Edmund Stansfield(Ned) Rawson
24 April 1845 (Gaylesyke, Yorkshire,
Died: 4 August 1911 (London, England) aged 66 years.
Parents: Charles Stanfield RAWSON and Octavia COLLINSON
Marriage: ? to Margaret Decima Crawford HARRISON.
EDWARD STANSFIELD RAWSON
A letter was received by Mr. Wm. Robertson of "The Hollow" from Mr. Charles C. Rawson, announcing the death of his brother, Edward Stansfield Rawson, which occurred in London on the 4th August last, after nine or twelve months' illness.
The name of the Rawson's is closely associated with the early history of Mackay right back in fact to the first days when settlement was taking place.
It was sometime in the late sixties when the two brothers Edward and Charles sold out their interests in Tenningering station on the Burnett, and coming to Mackay took up "The Hollow" station, Mirani.
While conducting this property as a cattle station, they opened butchery at "The Hermitage" opposite the hospital. Mr. J.C. Binney of this town was their manager, and he assisted by the brothers erected the Hermitage building with the steep roof on the property opposite the Hospital, Mr. Geo. Voysey having shown them how to put on the shingles.
In 1872 and '73 Edward Rawson conducted the butchery in partnership with the late Robert Martin of Mandarana, and in 1874 Mr. Martin's interest in the partnership was taken up by Mr. Frances Meynell.
It was then that Mr. Binney resigned to become Town Clerk.
His brother having left to reside in England, Mr. Edward Rawson subsequently engaged in commercial pursuits in Mackay, in partnership with Mr. Stewart, as general commission and shipping agents. It was while conducting this business (1883) that he built the wharf and store on the site of the eastern end of the present Adelaide wharf, which was known right into the nineties as "Rawson's wharf."
During his residence in Mackay, the late Edward Rawson was largely interested in the management and success of public institutions.
He was specially gifted in many ways and took a prominent part in amateur theatricals.
In 1882 and part of 1883 he filled the office of Mayor of Mackay, a position he subsequently resigned.
He was Vice-President of the Mackay Turf Club for a number of years. Also a trustee of Holy Trinity, Mackay, of which he was also a lay reader.
Some time in 1893 an effort was made to form the Hollow property into a limited liability company, for the purpose of subdividing and selling or letting the lands for sugar growing, the intention being to have a sugar mill in some central part of the estate but owing to adverse legislation in connection with the recruiting of Polynesian labour for the plantations and the bank crisis at that time, the effort failed.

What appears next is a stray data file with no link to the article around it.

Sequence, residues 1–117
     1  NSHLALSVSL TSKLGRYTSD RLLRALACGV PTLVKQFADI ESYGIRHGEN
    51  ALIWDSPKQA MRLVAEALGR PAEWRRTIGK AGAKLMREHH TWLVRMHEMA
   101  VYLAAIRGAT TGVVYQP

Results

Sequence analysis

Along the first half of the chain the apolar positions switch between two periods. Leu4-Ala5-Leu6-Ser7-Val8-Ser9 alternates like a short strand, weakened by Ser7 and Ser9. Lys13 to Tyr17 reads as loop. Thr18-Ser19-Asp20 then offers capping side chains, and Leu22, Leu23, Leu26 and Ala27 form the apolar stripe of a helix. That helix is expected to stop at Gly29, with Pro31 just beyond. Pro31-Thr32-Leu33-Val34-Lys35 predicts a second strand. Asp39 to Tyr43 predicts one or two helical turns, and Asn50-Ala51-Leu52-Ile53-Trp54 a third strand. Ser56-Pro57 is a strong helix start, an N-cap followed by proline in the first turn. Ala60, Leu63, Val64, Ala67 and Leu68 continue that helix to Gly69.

Shortly afterwards (1894) Edward Rawson joined his brother in England, and entering into partnership with a Mr. Clayton, commenced business in Cockspur Street, as general agents.
He remained in London ever since.
The late Edward Rawson leaves a wife and three daughters, one of whom was married nearly two years ago in London. Both the Rawson brothers were married to sisters, the misses Harrison, the daughters of an English clergyman.
The late Mr. Edward Rawson was an undergraduate of Cambridge University, and a man of singularly refined and artistic instincts, endowed with a most lovable disposition, and with considerable pretensions to literary and artistic abilities. Indeed the contributions from his pen on local topics in years gone by, especially on humorous subjects, were always looked forward to and keenly appreciated, by not only his circle of intimates, but also the community generally.
He was the firmest and most loyal of friends; in fact the beau ideal of a kindly, cultured English gentleman, and his memory will always be cherished and kept green as well by those of his old and intimate friends in Mackay (whose number by the way, is sadly lessening as time goes on) as by those with whom the names of Charley and Ned Rawson were synonymous with all that is kindly and lovable in human nature.
Apropos of his literary abilities, many of his Australian sketches appeared in the leading London magazines, in one of which (republished three years ago in the "Daily Mercury") the central figure was old "Tommy" Richardson now dead.
The Rawson brothers were cousins of the late Admiral Sir Harry Rawson (Governor of New South Wales), while they were also related to Admiral Collinson of exploring fame, after whom Charles Collinson Rawson was named.
The late Edward Rawson was about 63 years of age, and although such a span of years has elapsed since he left Mackay, quite a number of residents still remembered his sterling abilities, for within half an hour of the news being received in town by Mr. Frank Smith yesterday, the flags at the principle business houses and the Town Hall were fluttering at half-mast, a last tribute to one who had led an honourable career, and had helped to shape the destinies of this town and district.
Kerr, John. (1980). Pioneer
Pageant. Mackay, QLD: Pioneer Shire Council.
Roth, Henry. (1908). The Discovery and Settlement of Port Mackay; Halifax,
U.K: F. King & sons Ltd.
The Daily Mercury, September 1911
International Genealogical Index ; www.familysearch.org
Queensland Pioneers Index, 1829-1889
Queensland Federation Index 1890-1914.
See the John Oxley Library Collection of the Rawson Archives
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